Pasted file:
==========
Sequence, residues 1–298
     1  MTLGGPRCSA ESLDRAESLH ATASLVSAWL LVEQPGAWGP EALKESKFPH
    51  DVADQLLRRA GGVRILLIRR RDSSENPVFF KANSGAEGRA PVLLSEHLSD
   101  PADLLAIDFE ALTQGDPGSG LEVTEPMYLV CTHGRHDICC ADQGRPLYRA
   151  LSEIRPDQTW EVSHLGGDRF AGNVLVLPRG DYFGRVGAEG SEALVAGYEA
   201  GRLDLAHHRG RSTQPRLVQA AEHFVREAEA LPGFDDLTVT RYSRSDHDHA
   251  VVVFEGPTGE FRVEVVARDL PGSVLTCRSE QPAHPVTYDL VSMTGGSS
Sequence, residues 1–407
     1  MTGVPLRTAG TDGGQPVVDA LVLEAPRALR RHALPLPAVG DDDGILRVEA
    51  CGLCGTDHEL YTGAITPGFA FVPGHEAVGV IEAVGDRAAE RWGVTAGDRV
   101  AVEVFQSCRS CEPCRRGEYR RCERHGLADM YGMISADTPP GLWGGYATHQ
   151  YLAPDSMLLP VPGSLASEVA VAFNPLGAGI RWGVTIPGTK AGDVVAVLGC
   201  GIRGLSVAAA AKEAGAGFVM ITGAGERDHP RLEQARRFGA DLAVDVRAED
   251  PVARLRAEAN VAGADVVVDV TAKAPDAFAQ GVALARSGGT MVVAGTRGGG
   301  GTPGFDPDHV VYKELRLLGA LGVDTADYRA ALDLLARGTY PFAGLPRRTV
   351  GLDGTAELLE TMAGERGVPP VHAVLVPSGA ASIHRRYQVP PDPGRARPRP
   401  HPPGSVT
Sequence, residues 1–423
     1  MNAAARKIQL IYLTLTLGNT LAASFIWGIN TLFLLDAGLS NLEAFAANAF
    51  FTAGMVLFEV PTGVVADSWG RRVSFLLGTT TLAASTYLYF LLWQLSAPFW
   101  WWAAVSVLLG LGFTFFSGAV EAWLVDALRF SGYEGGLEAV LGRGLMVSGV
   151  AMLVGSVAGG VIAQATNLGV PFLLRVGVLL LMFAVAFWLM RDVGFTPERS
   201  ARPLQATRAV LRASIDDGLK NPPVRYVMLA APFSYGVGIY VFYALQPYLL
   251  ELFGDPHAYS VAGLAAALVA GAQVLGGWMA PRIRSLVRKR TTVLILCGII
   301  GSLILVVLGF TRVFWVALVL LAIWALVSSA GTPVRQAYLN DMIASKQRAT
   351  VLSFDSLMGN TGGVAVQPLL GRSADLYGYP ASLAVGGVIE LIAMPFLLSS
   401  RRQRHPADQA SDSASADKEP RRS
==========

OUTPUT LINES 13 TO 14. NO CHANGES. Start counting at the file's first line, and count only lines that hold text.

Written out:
   201  GIRGLSVAAA AKEAGAGFVM ITGAGERDHP RLEQARRFGA DLAVDVRAED
   251  PVARLRAEAN VAGADVVVDV TAKAPDAFAQ GVALARSGGT MVVAGTRGGG